Creating a Multicultural Learning Environment in Science Classrooms

Creating a Multicultural Learning Environment in Science Classrooms


Most science teachers do not need to be reminded that creating a learning environment for today's science students is an increasingly complex problem. We are faced with dramatic changes in student demographics. As an example, Newsweek (1991) reported that:

.....more than 5 million children of immigrants are expected to enter US public schools during the 1990's. About 3.5 million schoolchildren are from homes where English is not the first language. More than 150 languages are represented in schools nationwide (p. 57).

The wide assortment of languages, customs and experiences, associated with today's immigration movement, are very different from what has been experienced in past like movements. Yesterday's immigrants were European and constituted a large part of the minority population in the US. For these immigrants the teaching styles, images in textbooks, teachers and schools encountered in the US were extensions of those which characterized their homelands. In contrast, today's immigrants emanate from such places as the Caribbean, Latin America, Mideast and Southeast Asia. For these people, the traditional images associated with education differ markedly from those which apply to white, European, cultures. However, the images encountered in present classrooms derive from white, European traditions (Beane, 1988). Because the present anthropological, linguistic and sociological context is so diverse, it becomes vital for science teachers to address the different languages, customs, and experiences (multiperspectives ) that students bring to science classrooms.

The multiperspective change our classrooms' populations have undergone have a substantial impact on science teachers striving to create a classroom environment in which all students can learn. According to Tobin (1991) learning in science: regarded as an interpretive process of making sense of experience in terms of extant knowledge. The heart of the learning process is the negotiation of meaning. Learners must be given opportunities to make sense of what is learned by negotiating meaning; comparing what is known to new experience, and resolving discrepancies between what is known and what seems to be implied by new experiences.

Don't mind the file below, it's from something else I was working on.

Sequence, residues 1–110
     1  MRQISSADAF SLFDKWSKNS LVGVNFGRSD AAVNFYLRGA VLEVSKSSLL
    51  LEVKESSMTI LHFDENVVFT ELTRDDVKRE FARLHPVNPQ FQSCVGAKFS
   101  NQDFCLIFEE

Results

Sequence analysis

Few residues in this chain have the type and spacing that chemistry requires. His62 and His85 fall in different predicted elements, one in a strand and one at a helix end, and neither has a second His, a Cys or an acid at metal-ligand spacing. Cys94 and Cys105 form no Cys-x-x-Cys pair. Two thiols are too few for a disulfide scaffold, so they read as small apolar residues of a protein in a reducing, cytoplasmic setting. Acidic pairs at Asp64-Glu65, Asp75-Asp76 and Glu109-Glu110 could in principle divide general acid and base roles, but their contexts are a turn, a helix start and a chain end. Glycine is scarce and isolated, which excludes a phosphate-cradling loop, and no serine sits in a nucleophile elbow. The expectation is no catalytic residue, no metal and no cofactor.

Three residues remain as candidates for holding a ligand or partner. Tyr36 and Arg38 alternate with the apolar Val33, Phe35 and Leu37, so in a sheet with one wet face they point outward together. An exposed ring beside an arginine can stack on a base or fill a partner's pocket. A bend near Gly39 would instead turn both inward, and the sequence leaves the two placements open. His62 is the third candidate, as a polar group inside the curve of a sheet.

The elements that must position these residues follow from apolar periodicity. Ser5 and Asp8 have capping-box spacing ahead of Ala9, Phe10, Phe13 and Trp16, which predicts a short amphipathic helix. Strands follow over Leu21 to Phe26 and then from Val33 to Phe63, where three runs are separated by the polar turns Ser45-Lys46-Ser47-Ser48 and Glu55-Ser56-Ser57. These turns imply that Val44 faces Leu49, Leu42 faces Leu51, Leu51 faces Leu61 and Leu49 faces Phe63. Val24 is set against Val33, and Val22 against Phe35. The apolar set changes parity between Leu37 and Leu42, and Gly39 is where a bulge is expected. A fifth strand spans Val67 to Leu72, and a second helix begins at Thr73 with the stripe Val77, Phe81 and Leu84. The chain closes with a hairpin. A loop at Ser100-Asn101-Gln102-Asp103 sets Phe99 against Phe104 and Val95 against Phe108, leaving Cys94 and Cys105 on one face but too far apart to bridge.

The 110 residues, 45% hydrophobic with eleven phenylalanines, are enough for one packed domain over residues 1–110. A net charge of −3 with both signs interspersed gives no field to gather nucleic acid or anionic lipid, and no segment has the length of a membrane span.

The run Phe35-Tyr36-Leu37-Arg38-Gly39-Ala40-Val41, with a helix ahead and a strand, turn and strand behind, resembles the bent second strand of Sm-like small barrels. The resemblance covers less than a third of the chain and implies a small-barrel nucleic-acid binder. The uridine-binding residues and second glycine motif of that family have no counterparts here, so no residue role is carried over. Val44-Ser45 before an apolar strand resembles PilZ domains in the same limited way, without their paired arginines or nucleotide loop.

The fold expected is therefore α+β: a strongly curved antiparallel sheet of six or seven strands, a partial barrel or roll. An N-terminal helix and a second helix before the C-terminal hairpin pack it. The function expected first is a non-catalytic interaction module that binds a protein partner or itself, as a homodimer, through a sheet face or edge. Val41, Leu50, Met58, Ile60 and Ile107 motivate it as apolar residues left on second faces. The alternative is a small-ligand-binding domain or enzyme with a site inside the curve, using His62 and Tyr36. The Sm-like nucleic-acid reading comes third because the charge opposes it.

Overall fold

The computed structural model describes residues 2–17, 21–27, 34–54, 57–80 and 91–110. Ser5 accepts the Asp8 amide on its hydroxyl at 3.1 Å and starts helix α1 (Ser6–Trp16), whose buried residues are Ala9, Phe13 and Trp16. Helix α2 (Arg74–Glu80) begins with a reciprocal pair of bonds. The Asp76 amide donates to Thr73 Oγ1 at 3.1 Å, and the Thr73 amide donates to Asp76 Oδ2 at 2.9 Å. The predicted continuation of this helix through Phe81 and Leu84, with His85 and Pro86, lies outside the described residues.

Therefore, learning is a result of students making sense of the world they live in. This process is complicated if a student's basis for making sense is radically different from how others in the classroom are making sense. For instance, a Caucasian, middle class American student and a Hispanic migrant student may read the same textual information on plants. Because of the Caucasian's experiences, he may focus on plants as aesthetics extensions of his home or school when constructing meaning. On the other hand, the migrant Hispanic student will interpret the information in light of his fieldwork experience. In both instances construction is correct because it has been determined by the learners' cultural context. However, the Caucasian's efforts at making sense may more closely resemble what a science teacher who has not had any fieldwork experience may consider as correct responses. This includes the languages that both students use to make sense and as they communicate what they have learned to others as well. The implication is that students need to work in a classroom environment that enables and encourages them to use their cultural tools. These tools include language, cognitive referents which include myths, personal beliefs and metaphors, images, preferred learning styles, and the time and space to apply extant knowledge to problem-solving situations.

It is important for us as science teachers to realize that a student's knowledge is a result of her/him interacting and making sense of the culture in which she/he lives. Even though students have immigrated to the US, their cultural experiences are an important component of this extant knowledge. Thus, it becomes incumbent on us as science teachers to find ways that students may use their knowledge, or views of the world, in ways that draw on their prior cultural experiences. Staying with our example of a student with fieldwork experience we could have him share with his classmates his knowledge about plants to include the vocabulary he uses to distinguish plant parts or even plants themselves.

One's own words, based on personal experiences to describe, interpret and understand science phenomena is referred to by Cobern (1991) as a way of looking at the world which is based on

.... the foundational beliefs, i.e., presupposition about the world that support both common sense and scientific theories-that is a world view. (p.7) A world view defines the self. It sets the boundaries of who and what I am. It also defines everything that is not me, including my relationships to the human and non-human environments (p. 9).

Thus, a student world view, of which language plays a major role, is the major source of cognitive tools she/he brings to science classrooms as she/he goes about trying to make sense of the science that is being taught.